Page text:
New York City officials have agreed to pay $2.75 million to settle a lawsuit filed by the family of a Rikers Island inmate who was allegedly beaten to death by corrections officers, a city spokesman announced Monday.
The city also announced Monday that its Department of Investigation had started reviewing 129 cases of reported prisoner abuse by guards. The review comes a week after a New York Times report based on documents from the New York City Department of Health and Mental Hygiene that showed rampant inmate abuse.
A spokesman for the city's Law Department confirmed the settlement with the estate of Ronald Spear, 52, who died in December 2012 at the New York City jail.
In a federal lawsuit filed last year in Manhattan, Spear's father claimed his son was assaulted for complaining that his medical care at the jail was inadequate.
The settlement was first reported Monday in an article by The New York Times.
A broad investigation into violence and other criminal conduct has led to the arrest of more than a dozen officers at the much-criticized jail complex in recent months.
In March an officer was charged with depriving a mentally ill inmate of medical aid after the inmate swallowed a corrosive disinfectant. The inmate eventually died. Another convict who suffered from schizophrenia died in an overheated cell earlier this year. His family has filed a $25 million lawsuit against the city.
Spear, who was arrested for burglary in September 2012, suffered from chronic kidney disease and required a cane, according to the lawsuit. In late 2012 he filed a lawsuit against the city's Department of Corrections, claiming he had been denied medical care and that officers were retaliating against him for his complaints. He died two weeks later.
His family's separate lawsuit claimed three officers held him down and kicked him multiple times in the head while inmates looked on. The New York City Office of Chief Medical Examiner ruled the death a homicide, citing "blunt force trauma to the head" as a contributing factor, according to the lawsuit.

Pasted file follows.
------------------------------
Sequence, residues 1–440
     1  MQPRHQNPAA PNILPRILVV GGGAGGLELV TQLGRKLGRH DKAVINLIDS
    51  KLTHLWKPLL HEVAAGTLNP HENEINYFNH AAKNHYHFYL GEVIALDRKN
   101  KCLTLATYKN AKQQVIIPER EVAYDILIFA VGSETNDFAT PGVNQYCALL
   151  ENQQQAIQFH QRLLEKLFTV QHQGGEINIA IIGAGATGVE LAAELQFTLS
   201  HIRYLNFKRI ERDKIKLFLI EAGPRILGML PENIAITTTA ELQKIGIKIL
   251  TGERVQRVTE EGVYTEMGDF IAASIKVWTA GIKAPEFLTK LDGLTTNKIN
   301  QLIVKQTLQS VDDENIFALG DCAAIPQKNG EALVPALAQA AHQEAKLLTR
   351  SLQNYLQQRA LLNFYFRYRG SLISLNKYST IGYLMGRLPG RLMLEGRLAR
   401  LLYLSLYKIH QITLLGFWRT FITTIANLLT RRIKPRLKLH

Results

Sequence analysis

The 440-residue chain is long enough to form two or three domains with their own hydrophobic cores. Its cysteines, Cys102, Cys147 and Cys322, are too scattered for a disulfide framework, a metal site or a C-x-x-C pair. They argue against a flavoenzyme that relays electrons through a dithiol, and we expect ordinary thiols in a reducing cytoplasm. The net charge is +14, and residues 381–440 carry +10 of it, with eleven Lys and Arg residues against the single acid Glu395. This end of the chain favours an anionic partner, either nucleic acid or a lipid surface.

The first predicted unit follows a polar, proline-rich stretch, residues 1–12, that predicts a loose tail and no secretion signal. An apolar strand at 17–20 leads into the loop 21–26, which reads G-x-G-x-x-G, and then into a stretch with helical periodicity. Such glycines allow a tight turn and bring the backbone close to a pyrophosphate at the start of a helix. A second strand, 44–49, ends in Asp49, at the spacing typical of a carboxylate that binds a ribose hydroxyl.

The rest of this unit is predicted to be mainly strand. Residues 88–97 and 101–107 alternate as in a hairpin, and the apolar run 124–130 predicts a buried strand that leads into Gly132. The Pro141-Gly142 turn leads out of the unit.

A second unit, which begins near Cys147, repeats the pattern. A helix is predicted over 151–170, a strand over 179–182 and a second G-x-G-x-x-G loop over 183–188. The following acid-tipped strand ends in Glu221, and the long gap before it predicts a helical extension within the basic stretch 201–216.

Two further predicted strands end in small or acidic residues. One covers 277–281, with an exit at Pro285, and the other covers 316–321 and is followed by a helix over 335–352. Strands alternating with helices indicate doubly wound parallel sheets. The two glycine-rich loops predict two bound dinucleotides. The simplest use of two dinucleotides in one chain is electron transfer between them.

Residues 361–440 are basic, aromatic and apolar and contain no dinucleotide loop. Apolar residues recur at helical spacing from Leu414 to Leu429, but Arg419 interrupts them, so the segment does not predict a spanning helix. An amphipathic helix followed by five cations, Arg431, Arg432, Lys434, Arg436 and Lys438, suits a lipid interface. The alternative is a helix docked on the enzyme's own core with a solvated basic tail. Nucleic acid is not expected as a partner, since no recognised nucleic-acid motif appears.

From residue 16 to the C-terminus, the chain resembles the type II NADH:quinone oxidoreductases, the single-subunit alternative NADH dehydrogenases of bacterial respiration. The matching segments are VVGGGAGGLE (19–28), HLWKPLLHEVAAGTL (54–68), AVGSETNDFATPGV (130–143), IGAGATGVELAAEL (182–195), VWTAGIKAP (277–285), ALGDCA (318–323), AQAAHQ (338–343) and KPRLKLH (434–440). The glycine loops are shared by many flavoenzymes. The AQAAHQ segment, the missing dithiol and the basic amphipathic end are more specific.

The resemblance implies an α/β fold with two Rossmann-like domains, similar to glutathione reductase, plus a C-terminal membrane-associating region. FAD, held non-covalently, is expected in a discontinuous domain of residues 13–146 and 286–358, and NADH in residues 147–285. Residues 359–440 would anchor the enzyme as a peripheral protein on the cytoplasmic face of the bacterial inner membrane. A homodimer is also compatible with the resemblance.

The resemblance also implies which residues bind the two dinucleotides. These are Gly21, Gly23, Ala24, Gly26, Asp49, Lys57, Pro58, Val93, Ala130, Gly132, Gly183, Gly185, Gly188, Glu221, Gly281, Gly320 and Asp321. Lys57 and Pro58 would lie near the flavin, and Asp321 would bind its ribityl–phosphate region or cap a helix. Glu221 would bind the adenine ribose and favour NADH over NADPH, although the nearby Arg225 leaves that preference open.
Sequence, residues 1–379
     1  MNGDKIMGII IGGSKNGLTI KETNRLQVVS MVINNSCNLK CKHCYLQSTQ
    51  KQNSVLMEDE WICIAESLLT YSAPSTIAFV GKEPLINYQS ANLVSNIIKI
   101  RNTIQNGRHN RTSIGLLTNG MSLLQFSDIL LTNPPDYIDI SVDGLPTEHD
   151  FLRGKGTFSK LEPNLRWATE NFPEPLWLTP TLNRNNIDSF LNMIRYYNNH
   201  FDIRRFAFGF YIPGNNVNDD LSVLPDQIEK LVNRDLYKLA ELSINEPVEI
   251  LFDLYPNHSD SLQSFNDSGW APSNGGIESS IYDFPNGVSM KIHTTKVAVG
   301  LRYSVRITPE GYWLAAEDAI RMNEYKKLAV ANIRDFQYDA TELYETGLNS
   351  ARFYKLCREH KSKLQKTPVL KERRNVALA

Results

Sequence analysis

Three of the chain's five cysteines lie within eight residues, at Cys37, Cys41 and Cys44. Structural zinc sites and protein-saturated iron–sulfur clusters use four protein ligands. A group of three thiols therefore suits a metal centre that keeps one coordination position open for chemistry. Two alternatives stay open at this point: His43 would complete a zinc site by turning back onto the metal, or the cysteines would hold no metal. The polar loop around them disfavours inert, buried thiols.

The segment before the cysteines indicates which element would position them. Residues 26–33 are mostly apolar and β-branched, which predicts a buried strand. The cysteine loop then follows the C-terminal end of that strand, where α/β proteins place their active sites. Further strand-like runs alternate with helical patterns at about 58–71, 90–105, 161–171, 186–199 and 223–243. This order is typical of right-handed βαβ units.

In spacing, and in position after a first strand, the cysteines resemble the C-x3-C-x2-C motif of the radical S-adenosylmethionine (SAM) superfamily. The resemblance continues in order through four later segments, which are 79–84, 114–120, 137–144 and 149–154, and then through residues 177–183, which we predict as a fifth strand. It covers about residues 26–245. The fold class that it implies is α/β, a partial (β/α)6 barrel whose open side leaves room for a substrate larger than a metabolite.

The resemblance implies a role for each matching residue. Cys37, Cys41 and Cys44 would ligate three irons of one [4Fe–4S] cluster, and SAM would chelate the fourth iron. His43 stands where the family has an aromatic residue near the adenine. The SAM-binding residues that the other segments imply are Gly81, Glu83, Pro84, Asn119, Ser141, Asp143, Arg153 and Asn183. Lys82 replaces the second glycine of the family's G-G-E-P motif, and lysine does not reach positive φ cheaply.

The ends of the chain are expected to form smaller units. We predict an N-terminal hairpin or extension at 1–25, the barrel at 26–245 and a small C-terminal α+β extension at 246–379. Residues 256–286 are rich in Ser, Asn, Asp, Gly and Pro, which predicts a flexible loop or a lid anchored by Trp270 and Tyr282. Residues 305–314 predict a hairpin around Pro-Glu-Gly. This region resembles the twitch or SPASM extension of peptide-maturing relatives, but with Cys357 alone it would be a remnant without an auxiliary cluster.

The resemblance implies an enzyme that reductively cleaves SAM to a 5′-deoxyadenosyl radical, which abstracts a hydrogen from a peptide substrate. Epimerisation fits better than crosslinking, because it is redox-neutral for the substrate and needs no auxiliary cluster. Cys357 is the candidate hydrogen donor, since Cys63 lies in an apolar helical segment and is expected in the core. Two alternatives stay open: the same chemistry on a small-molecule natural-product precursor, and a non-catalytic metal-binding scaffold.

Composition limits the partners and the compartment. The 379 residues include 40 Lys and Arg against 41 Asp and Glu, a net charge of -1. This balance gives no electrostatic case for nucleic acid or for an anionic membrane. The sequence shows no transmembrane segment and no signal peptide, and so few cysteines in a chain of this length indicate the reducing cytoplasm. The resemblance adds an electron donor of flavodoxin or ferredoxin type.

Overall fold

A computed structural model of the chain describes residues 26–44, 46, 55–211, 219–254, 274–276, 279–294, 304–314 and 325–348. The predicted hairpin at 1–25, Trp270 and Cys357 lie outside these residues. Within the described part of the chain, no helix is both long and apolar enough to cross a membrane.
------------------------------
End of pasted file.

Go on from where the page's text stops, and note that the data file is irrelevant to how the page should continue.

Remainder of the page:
The proposed settlement was to be filed Monday in federal court in Manhattan, where it will require a judge's approval. The city will not admit liability as part of the agreement.
"This was a tragic incident," Muriel Goode-Trufant, a lawyer for the city, said in a statement. "It is hoped that this resolution brings some small measure of closure for the family."
Lawyers for the family did not immediately respond to requests for comment.
The New York Times quoted a spokesman of the Corrections Department as saying that one officer had been fired and others faced disciplinary charges over the incident.
The Bronx district attorney's office investigated the incident but concluded it could not prove criminal charges against the officers beyond a reasonable doubt, according to a spokesman who was also quoted by the Times.
In March, New York City Mayor Bill de Blasio appointed former Maine Department of Corrections Commissioner Joseph Ponte to head New York City’s response to the problems at its jails. Ponte has since instituted new security policies designed to prevent violence and ordered a review of training and safety protocols.
Al Jazeera and Reuters